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The Internet of Things and Your Security

This article provides an overview of the widespread Internet outage that occurred on October 20, 2016, examining the purpose and vulnerability of various Internet devices.

What Happened

On Friday, October 20, 2016, many businesses and personal IOT devices were compromised and used to perform a distributed denial-of-service (DDoS) attack on the service Dyn, which supports several popular Internet services including Netflix, PayPal, and Twitter.  Hackers loaded programs onto various unprotected IOT devices that created millions of requests for services, causing an overload and interruption of service.  Imagine one hundred million requests to sign up for new memberships with Netflix or to watch a streaming video on Twitter.  These services were not designed to sustain this high level of volume and consequently were unable to serve, valid customers.

IOT devices connected to food service equipment are considered computers.  They may not have a keyboard or be used for inventory or general ledger transactions but there is a microprocessor, operating system, memory among other components and they are susceptible to cyber-attacks.  These devices are typically not afforded the same level of security scrutiny as other computers but are no less vulnerable.  Another concern is that many of these devices may already have Trojan horses, or program designed to breach security, which can be activated at any time.

Why Does This Matter?

The compromise of IOT devices will likely lead to the failure of food service equipment (e.g. freezer shutdowns) or unauthorized access to confidential information. There has been some discussion regarding legal liability for the recent computer service outage. If there is an attack on an Internet service from an alarm controller in a warehouse resulting in a financial loss; who is liable? There is some concern that a court of law might consider negligence or gross negligence as a contributing factor to financial loss in this type of failure to appropriately secure devices. There is also the risk of reputation damage. Do you want your customers to know that the systems that protect their food quality are vulnerable?

What Preventative Measures Should Be Taken?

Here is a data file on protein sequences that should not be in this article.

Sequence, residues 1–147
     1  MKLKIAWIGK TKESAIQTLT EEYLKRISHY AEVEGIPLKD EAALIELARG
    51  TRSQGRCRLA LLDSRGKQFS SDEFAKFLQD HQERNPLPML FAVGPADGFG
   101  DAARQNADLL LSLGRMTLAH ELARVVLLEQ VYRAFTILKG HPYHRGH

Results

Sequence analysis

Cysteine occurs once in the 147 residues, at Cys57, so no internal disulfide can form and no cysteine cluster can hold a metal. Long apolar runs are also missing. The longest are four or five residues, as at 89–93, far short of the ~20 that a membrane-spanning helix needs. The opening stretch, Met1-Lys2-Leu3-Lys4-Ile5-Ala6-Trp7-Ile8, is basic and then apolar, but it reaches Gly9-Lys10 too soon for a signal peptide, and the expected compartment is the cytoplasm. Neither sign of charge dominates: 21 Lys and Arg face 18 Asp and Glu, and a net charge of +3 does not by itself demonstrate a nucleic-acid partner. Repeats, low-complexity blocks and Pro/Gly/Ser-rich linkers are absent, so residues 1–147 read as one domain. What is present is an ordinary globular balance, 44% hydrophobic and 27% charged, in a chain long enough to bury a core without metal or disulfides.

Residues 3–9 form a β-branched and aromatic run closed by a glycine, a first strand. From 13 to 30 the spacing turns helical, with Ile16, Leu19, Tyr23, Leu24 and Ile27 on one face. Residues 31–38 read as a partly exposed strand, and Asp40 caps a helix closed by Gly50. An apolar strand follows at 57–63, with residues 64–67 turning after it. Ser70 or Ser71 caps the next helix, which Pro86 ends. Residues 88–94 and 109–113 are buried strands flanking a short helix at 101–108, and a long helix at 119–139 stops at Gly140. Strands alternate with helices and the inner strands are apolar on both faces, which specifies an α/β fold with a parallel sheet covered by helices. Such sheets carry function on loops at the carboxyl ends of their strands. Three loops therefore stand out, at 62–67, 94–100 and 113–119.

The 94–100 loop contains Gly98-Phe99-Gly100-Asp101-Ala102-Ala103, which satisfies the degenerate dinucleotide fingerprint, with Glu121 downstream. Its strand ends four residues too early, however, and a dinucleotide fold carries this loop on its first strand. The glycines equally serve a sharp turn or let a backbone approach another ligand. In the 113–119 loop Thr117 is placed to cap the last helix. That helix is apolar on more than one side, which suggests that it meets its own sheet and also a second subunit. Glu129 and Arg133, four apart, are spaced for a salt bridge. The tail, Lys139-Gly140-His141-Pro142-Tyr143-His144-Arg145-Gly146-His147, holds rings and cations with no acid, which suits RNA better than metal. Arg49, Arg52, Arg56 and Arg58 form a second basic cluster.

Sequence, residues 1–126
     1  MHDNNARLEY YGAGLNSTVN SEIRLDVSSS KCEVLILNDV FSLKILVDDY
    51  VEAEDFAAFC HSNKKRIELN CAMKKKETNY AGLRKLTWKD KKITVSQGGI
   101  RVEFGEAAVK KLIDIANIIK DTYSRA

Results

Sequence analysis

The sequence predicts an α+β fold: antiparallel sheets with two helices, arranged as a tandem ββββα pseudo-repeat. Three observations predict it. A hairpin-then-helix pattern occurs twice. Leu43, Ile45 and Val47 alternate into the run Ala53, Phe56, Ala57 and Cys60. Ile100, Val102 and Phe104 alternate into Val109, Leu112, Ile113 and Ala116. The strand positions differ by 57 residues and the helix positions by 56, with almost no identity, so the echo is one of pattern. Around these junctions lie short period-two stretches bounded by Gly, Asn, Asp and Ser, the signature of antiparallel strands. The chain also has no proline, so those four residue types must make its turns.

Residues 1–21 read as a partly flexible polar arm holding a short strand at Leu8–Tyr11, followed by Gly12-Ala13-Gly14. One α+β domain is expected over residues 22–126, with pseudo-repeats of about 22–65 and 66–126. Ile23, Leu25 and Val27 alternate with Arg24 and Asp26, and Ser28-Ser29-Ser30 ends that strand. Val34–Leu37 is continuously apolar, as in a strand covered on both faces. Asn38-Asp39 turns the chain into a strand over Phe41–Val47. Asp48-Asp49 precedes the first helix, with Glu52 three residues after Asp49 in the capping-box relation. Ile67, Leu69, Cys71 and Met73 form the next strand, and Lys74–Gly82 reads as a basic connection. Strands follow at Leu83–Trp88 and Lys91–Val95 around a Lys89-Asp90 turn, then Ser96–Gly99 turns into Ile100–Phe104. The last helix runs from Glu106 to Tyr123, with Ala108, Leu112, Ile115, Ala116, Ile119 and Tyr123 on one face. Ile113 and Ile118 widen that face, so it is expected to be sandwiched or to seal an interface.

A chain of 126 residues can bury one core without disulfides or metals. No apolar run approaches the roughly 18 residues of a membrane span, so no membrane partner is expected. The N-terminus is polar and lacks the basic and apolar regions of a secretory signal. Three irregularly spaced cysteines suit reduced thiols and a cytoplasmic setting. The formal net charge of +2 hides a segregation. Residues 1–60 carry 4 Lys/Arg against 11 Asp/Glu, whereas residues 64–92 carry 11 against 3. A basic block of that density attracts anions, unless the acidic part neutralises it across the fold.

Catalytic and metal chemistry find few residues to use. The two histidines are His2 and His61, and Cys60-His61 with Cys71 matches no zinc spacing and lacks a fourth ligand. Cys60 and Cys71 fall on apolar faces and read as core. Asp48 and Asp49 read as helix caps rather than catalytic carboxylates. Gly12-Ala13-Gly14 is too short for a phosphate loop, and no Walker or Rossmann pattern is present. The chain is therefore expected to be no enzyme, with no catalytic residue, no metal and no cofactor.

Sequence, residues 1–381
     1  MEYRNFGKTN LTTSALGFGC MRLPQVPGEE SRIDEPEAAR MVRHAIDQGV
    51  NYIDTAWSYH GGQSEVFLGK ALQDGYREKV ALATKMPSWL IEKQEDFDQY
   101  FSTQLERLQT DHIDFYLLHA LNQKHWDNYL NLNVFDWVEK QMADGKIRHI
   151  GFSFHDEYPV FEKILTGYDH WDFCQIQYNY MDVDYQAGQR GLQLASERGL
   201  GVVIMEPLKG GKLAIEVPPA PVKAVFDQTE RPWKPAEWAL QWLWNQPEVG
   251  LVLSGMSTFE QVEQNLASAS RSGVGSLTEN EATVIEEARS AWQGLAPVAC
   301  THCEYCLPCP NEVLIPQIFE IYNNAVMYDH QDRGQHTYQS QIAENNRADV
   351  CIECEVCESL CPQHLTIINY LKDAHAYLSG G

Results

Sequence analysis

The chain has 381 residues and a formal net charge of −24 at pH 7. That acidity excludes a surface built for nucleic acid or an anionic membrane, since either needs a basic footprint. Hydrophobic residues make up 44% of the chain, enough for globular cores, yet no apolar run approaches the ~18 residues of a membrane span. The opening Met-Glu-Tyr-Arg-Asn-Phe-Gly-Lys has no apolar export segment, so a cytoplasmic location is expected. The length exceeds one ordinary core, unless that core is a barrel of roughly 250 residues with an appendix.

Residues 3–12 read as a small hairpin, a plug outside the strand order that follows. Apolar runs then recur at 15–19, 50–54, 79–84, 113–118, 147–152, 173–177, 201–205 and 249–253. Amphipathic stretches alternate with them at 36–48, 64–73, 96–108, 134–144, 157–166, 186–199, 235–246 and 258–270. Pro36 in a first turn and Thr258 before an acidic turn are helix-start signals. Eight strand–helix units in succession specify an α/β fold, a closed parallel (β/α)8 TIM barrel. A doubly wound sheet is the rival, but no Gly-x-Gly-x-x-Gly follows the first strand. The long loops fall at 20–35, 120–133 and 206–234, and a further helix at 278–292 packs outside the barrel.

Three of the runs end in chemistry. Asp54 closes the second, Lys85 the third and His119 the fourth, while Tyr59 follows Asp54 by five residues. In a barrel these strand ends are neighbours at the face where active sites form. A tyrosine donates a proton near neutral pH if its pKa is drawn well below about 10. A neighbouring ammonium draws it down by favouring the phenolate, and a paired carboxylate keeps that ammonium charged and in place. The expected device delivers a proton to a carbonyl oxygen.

1. Inventory Devices – The first step is to identify potential IOT devices that are at risk.  Mobile devices such as bar code readers and tablets should be included in this inventory.  A review of contracts and some network scanning may also be required to identify all compromised devices.

2. Perform Basic Security Measures – Depending upon your agreement with the vendor; you may have certain responsibilities including changing account passwords, periodically updating patches, and anti-virus, and malware monitoring.  If the supplier is responsible for performing these services how do you know their effort is sufficient?  You might want to consider reviewing their contracts, history of security breaches, and monitoring controls.  In addition, major food service vendors may have security examination reports such as the AICPA SOC 2.

3. Conduct a Device Penetration Test – Similar to a network penetration test; a device penetration test may be warranted.  This test probes devices for open ports, outdated patches, and permanent weaknesses such as zero-day events where no patch exists.  Weaknesses, where there is a fix should be corrected, and other vulnerabilities should be regularly monitored.

4. Continuous Monitoring – Monitoring devices is critical.  If the vendor provides monitoring, a discussion of the procedures performed is necessary.  If the vendor is not performing monitoring the procedures such as changing administrative account passwords, ongoing file integrity monitoring, and other techniques should be considered.  For devices connected to your internal network (e.g. alarm system controlled from network), the same procedures for protecting workstations and other internal devices should be followed.

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